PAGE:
R. T. Van Horn & Co., Publishers.*

Thursday, June 23, 1870.

     The Walter B. Dance came up yesterday morning, bringing a good trip for this place, and 600 bars of railroad iron to be discharged at Wyandotte.  She returned to St. Louis in the afternoon.  the Henry S. Turner, of the "O" line from St. Louis, is due to-day.  The river is getting quite low; business on the levee was a little brisker.  The thermometer at Hoover & Vaughn's, on the levee, one of the coolest places in the city, stood at 98 degrees in the shade at one time during the day.

     Yesterday evening the community was shocked and the families of two laboring men at the Gas Works named Ross and Finley were thrown into the most poignant sorrow by the loss of a bright little son from each.  James Ross, aged 7 years, and Anthony Finley, aged 9, went down the river about seven o'clock, directly opposite the Gas Works, to swim.  James went in first and immediately began to sink.  Anthony ran immediately to his assistant and caught hold of his little comrade, but getting beyond his depth they both went down to rise no more, clasped in each others arms and drowned within six feet of the bank.  Anthony's mother, hearing their cries, ran down the river just in time to see them sink.  According to an old superstition one of the boys hats was thrown into the river, under the impression that it would designate where the bodies were, but of course if failed and men were dragging the river at last accounts but without success.

     The goats that have graced the public square for the past two days, were started on the road to Independence yesterday.  they appeared to go-at a "killing pace," considering the terrific heat.

     Wills' Dramatic Troupe will appear at Frank's Hall next Monday evening.  Couldock, who has a national reputation as a superior actor, will, during the stay of the troupe, give our play-goers the pleasure of witnessing his noted representations of "Luke Fielding," "Peter Probity," and other characters.  His daughter, Grace Couldock, will also appear.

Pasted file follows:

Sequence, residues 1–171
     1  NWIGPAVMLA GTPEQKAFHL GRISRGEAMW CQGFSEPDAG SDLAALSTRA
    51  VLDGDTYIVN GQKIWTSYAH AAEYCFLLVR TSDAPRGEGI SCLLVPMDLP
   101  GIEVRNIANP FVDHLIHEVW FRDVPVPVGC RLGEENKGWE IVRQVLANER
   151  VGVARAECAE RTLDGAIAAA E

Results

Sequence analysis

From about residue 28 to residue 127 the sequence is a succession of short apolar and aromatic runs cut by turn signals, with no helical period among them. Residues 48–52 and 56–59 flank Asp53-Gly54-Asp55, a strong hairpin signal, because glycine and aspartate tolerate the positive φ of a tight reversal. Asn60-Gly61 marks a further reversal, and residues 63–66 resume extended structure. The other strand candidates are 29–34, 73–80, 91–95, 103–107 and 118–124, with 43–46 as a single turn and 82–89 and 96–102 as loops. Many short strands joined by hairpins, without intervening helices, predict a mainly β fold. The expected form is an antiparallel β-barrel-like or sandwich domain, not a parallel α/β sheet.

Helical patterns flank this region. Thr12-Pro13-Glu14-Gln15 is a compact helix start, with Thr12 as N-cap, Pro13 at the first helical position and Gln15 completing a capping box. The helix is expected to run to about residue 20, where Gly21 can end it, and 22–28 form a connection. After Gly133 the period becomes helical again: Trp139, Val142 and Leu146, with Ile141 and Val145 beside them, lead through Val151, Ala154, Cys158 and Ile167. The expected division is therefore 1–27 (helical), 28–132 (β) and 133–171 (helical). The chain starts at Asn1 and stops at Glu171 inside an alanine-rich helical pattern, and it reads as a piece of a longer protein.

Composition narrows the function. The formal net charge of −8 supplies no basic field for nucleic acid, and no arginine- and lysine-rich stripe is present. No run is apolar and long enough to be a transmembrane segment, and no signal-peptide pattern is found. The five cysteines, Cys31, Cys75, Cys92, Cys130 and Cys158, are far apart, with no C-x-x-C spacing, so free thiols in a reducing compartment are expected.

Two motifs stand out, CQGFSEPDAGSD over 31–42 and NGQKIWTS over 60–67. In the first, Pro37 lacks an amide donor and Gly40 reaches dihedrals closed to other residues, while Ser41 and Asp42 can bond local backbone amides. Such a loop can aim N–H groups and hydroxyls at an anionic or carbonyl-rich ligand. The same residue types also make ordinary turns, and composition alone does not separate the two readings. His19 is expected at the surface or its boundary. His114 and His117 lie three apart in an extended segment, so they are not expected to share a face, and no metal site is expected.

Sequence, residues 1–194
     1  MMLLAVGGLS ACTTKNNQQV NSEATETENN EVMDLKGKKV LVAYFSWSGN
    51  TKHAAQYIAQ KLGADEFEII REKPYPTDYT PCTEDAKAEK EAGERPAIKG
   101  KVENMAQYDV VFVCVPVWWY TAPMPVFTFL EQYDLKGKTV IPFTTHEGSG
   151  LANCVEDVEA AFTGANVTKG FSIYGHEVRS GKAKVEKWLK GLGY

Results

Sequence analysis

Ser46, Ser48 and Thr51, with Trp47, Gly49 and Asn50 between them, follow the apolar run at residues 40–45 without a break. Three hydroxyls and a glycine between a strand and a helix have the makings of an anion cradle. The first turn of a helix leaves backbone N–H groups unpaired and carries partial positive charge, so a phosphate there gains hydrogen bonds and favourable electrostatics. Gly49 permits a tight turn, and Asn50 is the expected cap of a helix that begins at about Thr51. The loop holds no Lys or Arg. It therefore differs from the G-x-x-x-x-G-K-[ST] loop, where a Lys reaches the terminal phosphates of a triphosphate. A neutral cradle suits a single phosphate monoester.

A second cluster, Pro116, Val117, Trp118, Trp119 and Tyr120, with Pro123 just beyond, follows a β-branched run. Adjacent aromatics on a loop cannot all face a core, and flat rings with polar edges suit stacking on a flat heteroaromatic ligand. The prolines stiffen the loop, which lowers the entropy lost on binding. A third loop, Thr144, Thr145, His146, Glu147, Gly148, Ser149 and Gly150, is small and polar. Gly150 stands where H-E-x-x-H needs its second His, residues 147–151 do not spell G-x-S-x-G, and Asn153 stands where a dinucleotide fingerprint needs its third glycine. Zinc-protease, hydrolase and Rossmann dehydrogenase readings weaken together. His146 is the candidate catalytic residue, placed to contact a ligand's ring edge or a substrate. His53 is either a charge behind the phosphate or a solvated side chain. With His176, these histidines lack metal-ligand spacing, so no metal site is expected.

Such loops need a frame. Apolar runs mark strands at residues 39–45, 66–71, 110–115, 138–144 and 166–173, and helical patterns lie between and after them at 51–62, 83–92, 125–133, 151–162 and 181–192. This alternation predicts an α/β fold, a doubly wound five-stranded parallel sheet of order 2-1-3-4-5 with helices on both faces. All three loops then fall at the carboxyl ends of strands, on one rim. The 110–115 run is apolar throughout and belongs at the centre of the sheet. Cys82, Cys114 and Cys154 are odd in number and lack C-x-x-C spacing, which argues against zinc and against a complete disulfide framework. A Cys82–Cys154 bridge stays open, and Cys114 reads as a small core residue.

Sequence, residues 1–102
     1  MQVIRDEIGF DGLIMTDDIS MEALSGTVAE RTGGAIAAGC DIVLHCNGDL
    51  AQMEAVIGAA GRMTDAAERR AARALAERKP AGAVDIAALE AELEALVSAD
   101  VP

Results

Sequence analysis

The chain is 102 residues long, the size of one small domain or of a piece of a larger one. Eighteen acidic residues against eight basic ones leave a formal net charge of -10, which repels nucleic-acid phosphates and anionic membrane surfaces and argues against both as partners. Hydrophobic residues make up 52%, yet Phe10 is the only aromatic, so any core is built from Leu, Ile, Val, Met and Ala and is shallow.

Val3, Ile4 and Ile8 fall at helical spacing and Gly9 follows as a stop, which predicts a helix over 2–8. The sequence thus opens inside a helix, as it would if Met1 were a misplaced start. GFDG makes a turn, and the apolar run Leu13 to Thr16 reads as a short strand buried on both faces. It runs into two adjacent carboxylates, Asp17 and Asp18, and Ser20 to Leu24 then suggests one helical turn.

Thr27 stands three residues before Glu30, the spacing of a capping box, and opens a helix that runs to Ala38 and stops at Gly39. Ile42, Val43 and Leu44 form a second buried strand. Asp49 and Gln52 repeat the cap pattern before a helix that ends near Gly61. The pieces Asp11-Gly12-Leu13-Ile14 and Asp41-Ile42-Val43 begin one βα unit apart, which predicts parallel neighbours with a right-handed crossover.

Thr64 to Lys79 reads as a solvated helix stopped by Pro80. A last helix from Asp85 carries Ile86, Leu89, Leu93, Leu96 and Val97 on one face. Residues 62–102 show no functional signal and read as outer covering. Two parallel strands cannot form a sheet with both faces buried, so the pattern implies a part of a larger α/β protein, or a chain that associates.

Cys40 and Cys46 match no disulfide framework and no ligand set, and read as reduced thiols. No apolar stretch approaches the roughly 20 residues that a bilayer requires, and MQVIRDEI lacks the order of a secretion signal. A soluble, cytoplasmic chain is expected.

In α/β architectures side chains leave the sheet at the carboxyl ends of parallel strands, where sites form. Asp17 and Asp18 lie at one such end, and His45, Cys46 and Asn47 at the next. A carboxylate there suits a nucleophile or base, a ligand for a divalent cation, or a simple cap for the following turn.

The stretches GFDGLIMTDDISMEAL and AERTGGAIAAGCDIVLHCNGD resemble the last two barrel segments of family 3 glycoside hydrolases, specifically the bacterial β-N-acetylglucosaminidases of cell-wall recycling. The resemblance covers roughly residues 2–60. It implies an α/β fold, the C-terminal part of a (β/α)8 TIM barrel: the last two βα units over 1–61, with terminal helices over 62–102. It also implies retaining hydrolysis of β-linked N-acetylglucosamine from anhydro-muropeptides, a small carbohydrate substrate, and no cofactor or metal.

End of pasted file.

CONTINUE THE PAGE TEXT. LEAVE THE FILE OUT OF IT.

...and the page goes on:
Yesterday afternoon a party of t en men, mounted on horses, and carrying both pistols and rifles, come up at a sharp trot to the Court House door, dismounted, and went into the Marshal's office.  A crowd soon gathered -- all curious to know the object of the strangers  After a short conference with marshal Spears, the ten men mounted their horses and rode out of town briskly, in a southerly direction.  From the party we obtained the following facts:
     Seto Mason is an old and highly respected farmer who lives some fifteen miles southeast of Lexington in this State.  He has lived on his farm for the past eighteen years.  It is located near the St. Louis and Lexington railroad.  Some time since a man named Tom McDaniels (Dr. Ridge, of this city, is his uncle) was at a ball where Mason's daughters were in attendance.  Mr. Mason told his girls not to dance with McDaniels.  The reason for this was that McDaniels had been suspected of horse stealing.
     The girls were asked, during the evening, by McDaniels, to dance with him, but they declined.  Since that time he has threatened to have revenge on the old man.  Last evening Mr. Mason went to Higginsville, and while in a store McDaniels entered.  Mason spoke to him pleasantly, but received a cold reply . the old man afterwards spoke in a low tone to the storekeeper, saying he feared McDaniels meant mischief.  Soon Mr. Mason started home, when his revengeful enemy fired five shots from his revolver at the old gentleman, seriously wounding him.  It is thought he will die from the wounds he received.  A party ws made out promptly -- one of the number being a son of Mr. Mason -- an d pursuit commenced.  They traced the would-be murderer to Independence, and when they left here they were confident they would capture him dead or alive.